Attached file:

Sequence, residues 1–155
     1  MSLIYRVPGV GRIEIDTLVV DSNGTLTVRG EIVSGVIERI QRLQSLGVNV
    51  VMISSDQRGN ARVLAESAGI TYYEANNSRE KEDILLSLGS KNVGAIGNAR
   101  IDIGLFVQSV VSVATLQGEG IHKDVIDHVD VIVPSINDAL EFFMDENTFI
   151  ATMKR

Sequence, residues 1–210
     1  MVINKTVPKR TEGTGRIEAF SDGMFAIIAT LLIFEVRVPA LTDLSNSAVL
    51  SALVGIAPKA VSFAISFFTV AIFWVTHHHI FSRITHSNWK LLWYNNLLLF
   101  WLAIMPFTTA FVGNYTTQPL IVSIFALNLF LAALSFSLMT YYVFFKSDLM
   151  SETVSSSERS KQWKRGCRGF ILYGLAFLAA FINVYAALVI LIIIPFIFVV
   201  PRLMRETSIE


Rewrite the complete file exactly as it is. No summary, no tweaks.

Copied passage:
Sequence, residues 1–155
     1  MSLIYRVPGV GRIEIDTLVV DSNGTLTVRG EIVSGVIERI QRLQSLGVNV
    51  VMISSDQRGN ARVLAESAGI TYYEANNSRE KEDILLSLGS KNVGAIGNAR
   101  IDIGLFVQSV VSVATLQGEG IHKDVIDHVD VIVPSINDAL EFFMDENTFI
   151  ATMKR

Sequence, residues 1–210
     1  MVINKTVPKR TEGTGRIEAF SDGMFAIIAT LLIFEVRVPA LTDLSNSAVL
    51  SALVGIAPKA VSFAISFFTV AIFWVTHHHI FSRITHSNWK LLWYNNLLLF
   101  WLAIMPFTTA FVGNYTTQPL IVSIFALNLF LAALSFSLMT YYVFFKSDLM
   151  SETVSSSERS KQWKRGCRGF ILYGLAFLAA FINVYAALVI LIIIPFIFVV
   201  PRLMRETSIE